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Pidgins and Creoles: How New Languages are Born

By Edited Jun 14, 2016 1 4

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The people of the world speak over 7,100 languages.

Some of these languages, like English and Spanish, are used by billions of people in many different countries. Others are are only spoken by a few people. Many such minority languages have disappeared entirely throughout history and many endangered languages continue to disappear today. However,  while some languages disappear, others may arise to take their place.

One way this happens is through natural change and evolution. You probably speak a little differently to your parents, and a little more differently to your grandparents. This process of gradual change over many generations is how regional dialects arise, and why American and British English are so different. Ultimately, this process may continue to the point where two dialects differ so much that they become different languages.

New languages may also be deliberately created, as in the case of Esperanto. This is an artificial language invented by Russian ophthalmologist Ludwik Lejzer Zamenhof in the nineteenth century. Zamenhof designed Esperanto with a simple grammar that would be easy to learn, and hoped his creation would facilitate communication between hostile communities in his native city. Since then, people in many countries have learned Esperanto and it is estimated that there may be two million speakers around the world. Esperanto speakers get together at international meetings, publish newspapers, magazines and literature, and broadcast Esperanto radio programs. They even learn Esperanto online.


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Like Esperanto, Pidgins are also created languages.  Unlike Esperanto, however, they are not deliberately designed, and they have historically arisen not from the idealism of someone like Zamenhof but from a practical need for communication.

If two groups wish to trade with each other, for example, they need to communicate basic information about the type of goods they have to offer, the quality and quantity of their products and what they are willing to sell or barter them for. To do so, they speak to each other in very simplified language, learn a little vocabulary from the other group, and develop a very simple method of communication which is used specifically for trading purposes.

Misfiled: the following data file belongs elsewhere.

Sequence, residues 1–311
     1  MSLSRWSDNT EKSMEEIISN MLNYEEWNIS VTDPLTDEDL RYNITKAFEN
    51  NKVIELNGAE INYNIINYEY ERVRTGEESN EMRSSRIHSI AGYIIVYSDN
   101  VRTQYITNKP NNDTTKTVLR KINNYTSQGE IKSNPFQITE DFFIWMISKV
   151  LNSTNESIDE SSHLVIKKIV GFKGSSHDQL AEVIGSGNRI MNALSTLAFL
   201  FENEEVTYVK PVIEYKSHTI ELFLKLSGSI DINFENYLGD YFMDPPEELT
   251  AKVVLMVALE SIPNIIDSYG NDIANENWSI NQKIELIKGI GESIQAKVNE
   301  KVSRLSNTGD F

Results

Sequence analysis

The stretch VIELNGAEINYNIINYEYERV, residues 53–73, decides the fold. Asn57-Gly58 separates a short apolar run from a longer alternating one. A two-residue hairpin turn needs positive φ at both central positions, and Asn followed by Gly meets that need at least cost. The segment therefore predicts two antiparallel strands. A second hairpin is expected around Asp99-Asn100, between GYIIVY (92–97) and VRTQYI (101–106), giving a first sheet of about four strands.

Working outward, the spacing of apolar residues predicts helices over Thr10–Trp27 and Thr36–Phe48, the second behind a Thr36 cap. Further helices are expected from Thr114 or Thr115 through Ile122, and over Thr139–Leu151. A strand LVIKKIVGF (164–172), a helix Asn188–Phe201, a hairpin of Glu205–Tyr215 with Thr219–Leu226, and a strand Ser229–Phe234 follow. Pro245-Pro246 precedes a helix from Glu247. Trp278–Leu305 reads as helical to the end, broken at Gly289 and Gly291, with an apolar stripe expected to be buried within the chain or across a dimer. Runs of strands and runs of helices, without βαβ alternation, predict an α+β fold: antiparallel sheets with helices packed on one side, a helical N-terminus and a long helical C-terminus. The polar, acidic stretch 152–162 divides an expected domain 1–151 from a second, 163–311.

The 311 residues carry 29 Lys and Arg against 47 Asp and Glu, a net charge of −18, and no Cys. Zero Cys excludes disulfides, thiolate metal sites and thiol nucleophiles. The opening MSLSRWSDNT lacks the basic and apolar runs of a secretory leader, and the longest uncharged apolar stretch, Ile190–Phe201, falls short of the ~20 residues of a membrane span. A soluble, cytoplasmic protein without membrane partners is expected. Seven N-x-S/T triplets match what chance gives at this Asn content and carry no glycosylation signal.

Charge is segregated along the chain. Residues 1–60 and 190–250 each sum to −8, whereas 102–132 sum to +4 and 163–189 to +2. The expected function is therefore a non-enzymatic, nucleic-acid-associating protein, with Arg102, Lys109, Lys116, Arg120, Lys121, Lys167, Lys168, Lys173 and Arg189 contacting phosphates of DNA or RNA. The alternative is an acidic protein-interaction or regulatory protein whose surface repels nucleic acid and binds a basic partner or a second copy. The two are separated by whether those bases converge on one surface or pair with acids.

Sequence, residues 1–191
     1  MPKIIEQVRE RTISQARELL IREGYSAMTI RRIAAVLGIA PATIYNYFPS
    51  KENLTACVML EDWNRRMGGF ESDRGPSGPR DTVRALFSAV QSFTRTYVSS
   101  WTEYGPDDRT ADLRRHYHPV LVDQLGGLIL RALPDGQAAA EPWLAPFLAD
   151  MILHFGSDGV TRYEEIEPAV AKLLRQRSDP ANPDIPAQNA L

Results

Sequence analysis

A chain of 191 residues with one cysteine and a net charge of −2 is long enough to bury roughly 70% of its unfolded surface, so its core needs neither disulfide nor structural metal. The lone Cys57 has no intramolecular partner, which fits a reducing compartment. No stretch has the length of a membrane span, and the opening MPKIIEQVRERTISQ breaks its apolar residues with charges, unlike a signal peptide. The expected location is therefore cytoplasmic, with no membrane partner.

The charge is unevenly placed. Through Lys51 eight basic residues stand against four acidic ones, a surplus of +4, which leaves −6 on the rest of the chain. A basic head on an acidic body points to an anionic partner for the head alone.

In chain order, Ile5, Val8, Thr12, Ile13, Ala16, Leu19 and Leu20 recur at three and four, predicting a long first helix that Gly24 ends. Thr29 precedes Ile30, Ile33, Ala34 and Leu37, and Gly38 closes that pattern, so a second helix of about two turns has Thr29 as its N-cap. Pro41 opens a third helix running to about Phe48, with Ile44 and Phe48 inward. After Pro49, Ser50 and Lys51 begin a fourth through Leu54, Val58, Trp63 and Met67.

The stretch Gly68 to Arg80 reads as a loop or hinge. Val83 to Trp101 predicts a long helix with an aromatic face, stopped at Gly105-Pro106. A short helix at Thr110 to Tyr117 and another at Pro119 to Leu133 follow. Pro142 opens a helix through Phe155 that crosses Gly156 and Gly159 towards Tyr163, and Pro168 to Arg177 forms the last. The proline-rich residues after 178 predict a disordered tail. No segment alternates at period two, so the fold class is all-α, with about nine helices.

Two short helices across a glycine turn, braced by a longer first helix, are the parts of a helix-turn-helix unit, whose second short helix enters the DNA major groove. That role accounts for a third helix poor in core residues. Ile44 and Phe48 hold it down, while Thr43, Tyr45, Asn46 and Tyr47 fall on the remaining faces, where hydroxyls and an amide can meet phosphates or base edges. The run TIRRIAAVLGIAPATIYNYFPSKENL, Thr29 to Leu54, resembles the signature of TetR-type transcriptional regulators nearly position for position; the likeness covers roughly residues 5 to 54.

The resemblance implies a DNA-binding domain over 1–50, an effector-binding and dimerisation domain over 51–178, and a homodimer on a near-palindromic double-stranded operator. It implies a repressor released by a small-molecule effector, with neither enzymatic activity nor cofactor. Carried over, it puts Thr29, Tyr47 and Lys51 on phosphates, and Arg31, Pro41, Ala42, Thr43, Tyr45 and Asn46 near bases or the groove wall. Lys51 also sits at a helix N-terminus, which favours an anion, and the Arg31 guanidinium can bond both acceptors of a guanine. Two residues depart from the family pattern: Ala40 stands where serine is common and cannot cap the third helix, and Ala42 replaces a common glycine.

Fur traders in Canada, trading with Indians (1777)

Pidgins also develop when different nationalities come together as a result of historical events. People may be conquered by a group that speaks a different language, they may be refugees living in a foreign community, or they may be slaves forced to live in a group of captives from different language groups. A great many pidgins developed during the age of European colonialism when slaves from many parts of Africa were brought together on Caribbean plantations.

Pidgins generally blend the vocabulary of one language with the grammatical structures of another. Slave languages that arose in the New World, for example, developed by blending African grammar with the vocabulary of colonial languages such as English, French, Spanish or Portuguese. In addition, they are extremely simple. They have a small vocabulary in which one word may have many meanings and there may be no grammatical features such as genders, plurals or tenses.

Monument to Slaves in Zanzibar

Because a pidgin is developed for a specific purpose it may disappear when it is no longer useful. For example, Pidgin French was used in Vietnam when it was a French colony, but disappeared when the French left the country. People will continue to use the pidgin, however, if it still serves a purpose, such as for trade between various language communities.


How a New Language Developed in Suriname


The third way that a language can emerge is through a combination of these two processes of creation and development. When a newly created language begins to change and develop the result is a creole.